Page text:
Former UK civil service chief says home secretary should resign

By on 20/11/2020
The former UK Cabinet secretary Lord O’Donnell today added his voice to those calling for home secretary Priti Patel to resign. Credit: Pippa Fowles / No 10 Downing Street/ Flickr.

The former UK Cabinet secretary Lord O’Donnell today added his voice to those calling for home secretary Priti Patel to resign.

This follows an independent report, which found that she had broken the Ministerial Code by bullying staff. Prime Minister Boris Johnson ruled that the Code was not broken, prompting the report’s author to resign this afternoon.

Speaking on BBC Radio 4’s World at One programme this afternoon, O’Donnell – who served as Cabinet secretary and head of the civil service from 2005 to 2011 ­– was asked whether Patel should quit. “Yes, in my view,” he replied. “Now, the prime minister thinks there has been no breach of the ministerial code. I personally take the judgement of Alex Allan that there was a breach of the ministerial code.”

Investigation into bullying

After allegations of bullying by Patel, Home Office permanent secretary Philip Rutnam – who is taking the government to an employment tribunal – resigned earlier this year. Sir Alex Allan, Johnson’s independent adviser on ministerial standards, investigated whether the home secretary had broken the ministerial code.

He submitted his report two months ago, but the PM did not act until it leaked this week, announcing that his “judgement is that the ministerial code was not breached”. The report summary shows that while Allan said the civil service needs to reflect on its role, his judgement was unequivocal.

Allan wrote: “My advice is that the home secretary has not consistently met the high standards required by the ministerial code of treating her civil servants with consideration and respect. Her approach on occasions has amounted to behaviour that can be described as bullying in terms of the impact felt by individuals. To that extent her behaviour has been in breach of the ministerial code, even if unintentionally.”

The report’s findings explain that “the definition of bullying adopted by the civil service accepts that legitimate, reasonable and constructive criticism of a worker’s performance will not amount to bullying. It defines bullying as intimidating or insulting behaviour that makes an individual feel uncomfortable, frightened, less respected or put down. Instances of the behaviour reported to the Cabinet Office would meet such a definition.”

O’Donnell was supportive of Allan’s decision to resign. “The prime minister has [done] what he’s allowed to do under the current system, [which] is to say: ‘Well I disagree with the view of my independent investigator’,” he said. “And Alex, to my mind quite rightly, has said: ‘Well look, if you don’t value my judgement then there’s really little point in me carrying on with this job,’ so he’s resigned.”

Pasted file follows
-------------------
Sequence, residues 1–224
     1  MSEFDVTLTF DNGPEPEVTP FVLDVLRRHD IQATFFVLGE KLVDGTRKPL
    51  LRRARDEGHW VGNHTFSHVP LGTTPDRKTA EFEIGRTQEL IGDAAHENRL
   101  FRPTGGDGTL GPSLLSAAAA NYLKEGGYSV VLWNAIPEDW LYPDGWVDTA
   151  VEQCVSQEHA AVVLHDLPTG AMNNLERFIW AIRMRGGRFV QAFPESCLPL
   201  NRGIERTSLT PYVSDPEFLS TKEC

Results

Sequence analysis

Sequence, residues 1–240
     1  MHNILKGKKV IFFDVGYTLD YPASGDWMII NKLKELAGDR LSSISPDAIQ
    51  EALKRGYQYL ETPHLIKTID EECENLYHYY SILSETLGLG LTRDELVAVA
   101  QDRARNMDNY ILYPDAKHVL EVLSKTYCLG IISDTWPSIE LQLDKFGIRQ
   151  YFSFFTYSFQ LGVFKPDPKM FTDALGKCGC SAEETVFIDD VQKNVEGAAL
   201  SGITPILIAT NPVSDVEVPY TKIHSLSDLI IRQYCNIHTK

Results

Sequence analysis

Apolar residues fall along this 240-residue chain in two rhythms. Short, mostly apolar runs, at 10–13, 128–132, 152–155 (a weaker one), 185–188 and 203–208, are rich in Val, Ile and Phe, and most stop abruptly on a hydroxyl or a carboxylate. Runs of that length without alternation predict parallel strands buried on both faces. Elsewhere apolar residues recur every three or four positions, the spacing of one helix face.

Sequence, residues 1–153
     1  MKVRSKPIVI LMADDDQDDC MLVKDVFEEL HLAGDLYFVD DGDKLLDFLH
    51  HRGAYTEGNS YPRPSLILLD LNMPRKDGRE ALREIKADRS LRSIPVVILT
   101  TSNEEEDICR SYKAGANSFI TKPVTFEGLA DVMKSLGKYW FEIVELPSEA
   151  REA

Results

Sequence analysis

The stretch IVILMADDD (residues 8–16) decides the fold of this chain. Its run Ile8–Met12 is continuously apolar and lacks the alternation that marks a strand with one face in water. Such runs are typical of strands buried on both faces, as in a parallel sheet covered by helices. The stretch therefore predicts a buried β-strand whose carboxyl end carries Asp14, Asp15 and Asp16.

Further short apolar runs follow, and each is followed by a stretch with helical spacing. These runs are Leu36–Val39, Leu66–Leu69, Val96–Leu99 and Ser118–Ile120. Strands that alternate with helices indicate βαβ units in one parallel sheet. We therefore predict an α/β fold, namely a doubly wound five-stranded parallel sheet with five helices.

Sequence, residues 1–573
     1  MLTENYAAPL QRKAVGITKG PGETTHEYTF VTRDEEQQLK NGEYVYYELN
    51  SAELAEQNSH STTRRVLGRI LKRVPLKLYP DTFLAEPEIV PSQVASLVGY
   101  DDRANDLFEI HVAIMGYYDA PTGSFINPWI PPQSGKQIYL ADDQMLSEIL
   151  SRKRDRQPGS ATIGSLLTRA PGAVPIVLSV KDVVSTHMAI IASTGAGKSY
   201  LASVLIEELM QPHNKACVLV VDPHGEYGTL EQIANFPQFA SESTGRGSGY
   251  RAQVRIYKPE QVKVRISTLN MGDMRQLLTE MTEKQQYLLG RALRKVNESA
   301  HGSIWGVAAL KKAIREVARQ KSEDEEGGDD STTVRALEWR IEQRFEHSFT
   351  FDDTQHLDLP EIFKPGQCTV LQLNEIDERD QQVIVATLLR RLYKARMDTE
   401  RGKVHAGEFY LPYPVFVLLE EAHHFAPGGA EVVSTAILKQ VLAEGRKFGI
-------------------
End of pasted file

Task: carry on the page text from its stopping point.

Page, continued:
Part of a wider problem

The episode is a sign of “wider problems with the system”, according to O’Donnell. One problem is that only the prime minister can decide whether there should be an investigation, he said, pointing to recent issues including the report from the National Audit Office into procurement during the COVID-19 crisis.

“There appear to be allegations that I would have thought should be investigated and yet no investigations are happening. So first of all we need an independent investigator to take these on, as has been recommended by the Commissioner on Standards in Public Life, Jonathan Evans.”

A new system should allow for “graduation” around whether the ministerial code has been broken, said O’Donnell: at the moment, it’s a yes/no decision. “I don’t think this problem arises here,” he added, “because breaching it for bullying is quite clearly across the line.” But he reflected on a previous example involving David Blunkett in 2005, where he felt the breach was less significant and yet the minister resigned.

There are wider cultural problems in government, said O’Donnell. He pointed to increased use of written directions and unregulated appointments, as raised by complaints from Peter Riddell, commissioner for public appointments. The Commissioner for Standards in Public Life has also recently raised concerns about conduct. “I think the trust in government – and the trust in integrity of government – is being tried very hard,” said O’Donnell.

This afternoon, Evans issued a statement saying: “Sir Alex Allan is a man of great wisdom and integrity and it is deeply concerning that he has resigned. This episode raises serious questions about the effectiveness of the current arrangements for investigating and responding to breaches of the Ministerial Code.”

At this time, said the former Cabinet secretary, we need the civil service and ministers to work well together to address the huge challenges of COVID-19. In a pointed comparison, O’Donnell said that “you’ve got great ministers” in government, highlighting how Chancellor Rishi Sunak is working with civil service colleagues in the Treasury. “They are working as a team, producing great results,” he noted, adding that problems like Patel’s don’t arise across government.

About Kate Hodge

Kate is a journalist and editor, holding roles at both the Guardian and the Financial Times. She specialised in education and combines writing, commissioning and editing with social media and audience engagement. If you have any ideas you would like to pitch, or suggestions to improve the website, feel free to email her on [email protected]

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